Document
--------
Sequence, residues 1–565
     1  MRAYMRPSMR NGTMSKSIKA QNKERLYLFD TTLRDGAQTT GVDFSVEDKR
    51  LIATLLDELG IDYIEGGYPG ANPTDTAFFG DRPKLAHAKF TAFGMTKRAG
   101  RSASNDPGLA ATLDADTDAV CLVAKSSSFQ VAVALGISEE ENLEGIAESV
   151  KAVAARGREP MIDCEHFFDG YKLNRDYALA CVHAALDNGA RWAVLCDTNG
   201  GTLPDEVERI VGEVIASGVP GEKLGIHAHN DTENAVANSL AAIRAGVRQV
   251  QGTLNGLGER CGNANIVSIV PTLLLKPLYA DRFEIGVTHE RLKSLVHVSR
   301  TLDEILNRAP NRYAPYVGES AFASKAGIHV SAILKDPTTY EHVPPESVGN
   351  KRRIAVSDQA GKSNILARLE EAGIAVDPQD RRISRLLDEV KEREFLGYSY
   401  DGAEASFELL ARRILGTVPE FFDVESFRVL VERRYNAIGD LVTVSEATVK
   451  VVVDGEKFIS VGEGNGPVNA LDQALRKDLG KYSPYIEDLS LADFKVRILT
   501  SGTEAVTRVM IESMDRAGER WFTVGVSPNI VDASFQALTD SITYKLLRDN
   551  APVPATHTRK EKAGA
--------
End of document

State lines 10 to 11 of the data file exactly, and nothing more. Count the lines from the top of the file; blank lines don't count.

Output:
   401  DGAEASFELL ARRILGTVPE FFDVESFRVL VERRYNAIGD LVTVSEATVK
   451  VVVDGEKFIS VGEGNGPVNA LDQALRKDLG KYSPYIEDLS LADFKVRILT